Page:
A U.S. Federal Court has ruled that existing law does not allow U.S. companies to seek relief against imported goods from China that benefit from Chinese government subsidies.
Any company involved in U.S.-China trade may be affected by a new court ruling on the application of U.S. trade law to imports from China. The new ruling will make it difficult or impossible for Chinese government subsidies provided to manufacturers or exporters in China to be addressed under existing U.S. law. Companies with pending or possible future interests in anti-subsidy trade actions involving China should watch this issue very closely.
The U.S. Court of Appeals for the Federal Circuit (CAFC) issued a decision on December 19, 2011, that will impact a large number of U.S. trade remedy cases involving China. In GPX International Tire Corp. v. United States, 2011-1107-09, a unanimous CAFC panel ruled that the U.S. Department of Commerce (DOC) may not apply countervailing duty (CVD) law to non-market economy (NME) countries, such as China.
When goods are exported from countries with market economies, i.e., non-communist countries, U.S. law allows for the imposition of both antidumping (AD) duties, which are imposed on goods found to be sold by exporters at less than fair value, and CVD duties, which are imposed on goods found to have benefitted from certain kinds of government subsidies. For many years, DOC refused to apply CVD law to NME countries, maintaining that subsidies, which are devices “used by governments to distort the signals that the market gives to firms,” by definition do not exist in economies that are not controlled by market forces. In a 1986 case, Georgetown Steel Corp. v. United States, 801 F.2d 1308 (Fed. Cir. 1986), the CAFC sustained DOC’s approach.
Under pressure from various U.S. industries, the agency reversed its position in 2007. DOC issued a memorandum stating that while it planned to continue to treat China as an NME for purposes of the AD law, China was “significantly different from the Soviet-style economies at issue in Georgetown Steel,” and that these differences enabled the agency to calculate whether the Chinese government subsidized specific goods. Since 2007 DOC has applied both AD and CVD duties in numerous cases involving China.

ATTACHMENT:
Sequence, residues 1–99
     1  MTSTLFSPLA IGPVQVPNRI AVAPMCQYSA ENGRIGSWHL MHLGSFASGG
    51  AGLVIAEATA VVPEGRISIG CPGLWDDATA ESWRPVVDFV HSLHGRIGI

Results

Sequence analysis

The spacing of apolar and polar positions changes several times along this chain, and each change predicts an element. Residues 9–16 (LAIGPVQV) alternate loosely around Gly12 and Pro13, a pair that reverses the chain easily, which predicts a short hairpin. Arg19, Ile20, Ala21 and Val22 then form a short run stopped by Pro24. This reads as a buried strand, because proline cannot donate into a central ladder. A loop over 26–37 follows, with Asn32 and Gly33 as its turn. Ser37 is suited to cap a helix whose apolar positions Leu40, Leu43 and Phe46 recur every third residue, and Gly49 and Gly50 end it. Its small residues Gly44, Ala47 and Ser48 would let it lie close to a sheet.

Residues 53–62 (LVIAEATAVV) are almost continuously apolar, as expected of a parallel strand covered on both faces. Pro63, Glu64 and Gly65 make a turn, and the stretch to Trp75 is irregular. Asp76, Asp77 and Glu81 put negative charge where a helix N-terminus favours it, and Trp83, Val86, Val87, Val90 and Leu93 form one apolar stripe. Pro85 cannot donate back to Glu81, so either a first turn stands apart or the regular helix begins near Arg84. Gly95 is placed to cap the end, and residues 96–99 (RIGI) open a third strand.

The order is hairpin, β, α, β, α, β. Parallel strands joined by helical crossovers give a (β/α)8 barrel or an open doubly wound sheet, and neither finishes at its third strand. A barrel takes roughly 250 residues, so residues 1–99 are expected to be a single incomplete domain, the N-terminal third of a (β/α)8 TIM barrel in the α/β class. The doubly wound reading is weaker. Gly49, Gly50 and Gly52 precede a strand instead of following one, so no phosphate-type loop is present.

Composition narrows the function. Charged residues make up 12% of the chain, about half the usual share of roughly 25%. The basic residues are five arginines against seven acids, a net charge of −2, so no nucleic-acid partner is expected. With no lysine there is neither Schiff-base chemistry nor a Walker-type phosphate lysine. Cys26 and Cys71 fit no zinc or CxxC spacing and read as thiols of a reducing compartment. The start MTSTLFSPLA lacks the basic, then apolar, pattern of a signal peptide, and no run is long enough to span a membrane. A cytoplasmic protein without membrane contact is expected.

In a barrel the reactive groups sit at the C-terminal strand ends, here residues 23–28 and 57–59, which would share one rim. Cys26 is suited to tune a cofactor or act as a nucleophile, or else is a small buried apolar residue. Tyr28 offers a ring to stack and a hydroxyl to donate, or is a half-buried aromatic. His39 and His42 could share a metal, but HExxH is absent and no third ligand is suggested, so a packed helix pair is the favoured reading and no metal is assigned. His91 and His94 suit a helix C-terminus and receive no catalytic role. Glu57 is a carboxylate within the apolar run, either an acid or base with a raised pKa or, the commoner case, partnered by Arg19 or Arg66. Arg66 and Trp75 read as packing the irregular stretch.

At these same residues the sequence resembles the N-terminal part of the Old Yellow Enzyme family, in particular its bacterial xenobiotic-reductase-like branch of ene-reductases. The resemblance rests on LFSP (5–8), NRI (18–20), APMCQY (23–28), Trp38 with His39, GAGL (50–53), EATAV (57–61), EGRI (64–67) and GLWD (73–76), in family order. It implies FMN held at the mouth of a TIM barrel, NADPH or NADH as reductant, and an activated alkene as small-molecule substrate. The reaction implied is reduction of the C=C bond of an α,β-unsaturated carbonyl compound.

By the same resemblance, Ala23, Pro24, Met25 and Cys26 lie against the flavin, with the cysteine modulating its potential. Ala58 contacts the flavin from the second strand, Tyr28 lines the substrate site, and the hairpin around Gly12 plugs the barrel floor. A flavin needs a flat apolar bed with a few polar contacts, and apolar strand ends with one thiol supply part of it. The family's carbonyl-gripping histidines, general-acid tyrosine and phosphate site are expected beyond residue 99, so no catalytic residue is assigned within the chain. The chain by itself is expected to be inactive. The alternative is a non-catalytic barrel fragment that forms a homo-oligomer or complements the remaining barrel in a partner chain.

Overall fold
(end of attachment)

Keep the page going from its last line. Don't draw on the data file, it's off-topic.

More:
In GPX, invoking the principle of “legislative ratification,” the CAFC concluded that DOC is barred by statute from applying the CVD law to NME goods. DOC argued that Georgetown Steel did not independently interpret the statute, but rather afforded deference to DOC’s interpretation of an ambiguous statute, such that the court was required to defer again now that the agency had changed its interpretation. The CAFC rejected this argument. “Even if Commerce were correct about Georgetown Steel,” the CAFC held, “Congress thereafter ratified the prevailing interpretation by amending and reenacting the countervailing duty statute in 1988 and 1994, thereby requiring that we construe the statute as barring countervailing duties in the NME context.”
The CAFC explained that once Congress has ratified an agency’s statutory interpretation through re-enactment, the agency no longer has discretion to change its interpretation. Based on a review of relevant legislative history, the Court found that “Congress was well aware of Georgetown Steel and that it rejected a statutory provision to supersede it—a provision that made the same distinction Commerce now proposes. … If Commerce believes that the law should be changed, the appropriate approach is to seek legislative change.”
It is unclear what course the U.S. government will take in response to the CAFC’s decision in GPX. One option is to further appeal the decision, perhaps first to the CAFC en banc, ultimately to the Supreme Court of the United States. A second option, which the Obama administration could pursue simultaneously with the first, would be to follow the court’s suggestion and seek legislation that would overturn the GPX decision and provide DOC with statutory authority to impose both AD and CVD duties against NME goods. A third option, one that would represent a radical shift in agency practice, would be for DOC to declare China a market economy nation. This approach would allow DOC to apply CVD law to China, but would also require the agency to apply market economy AD methodology to China, an alteration that China has long sought and the United States has long resisted.
Whatever the administration decides to do, one thing is clear: Respondents in every pending CVD case against China are going to challenge the legality of DOC’s subjecting them to the CVD law. U.S. and Chinese manufacturers alike will be watching very closely to see how DOC implements the CAFC’s decision in GPX.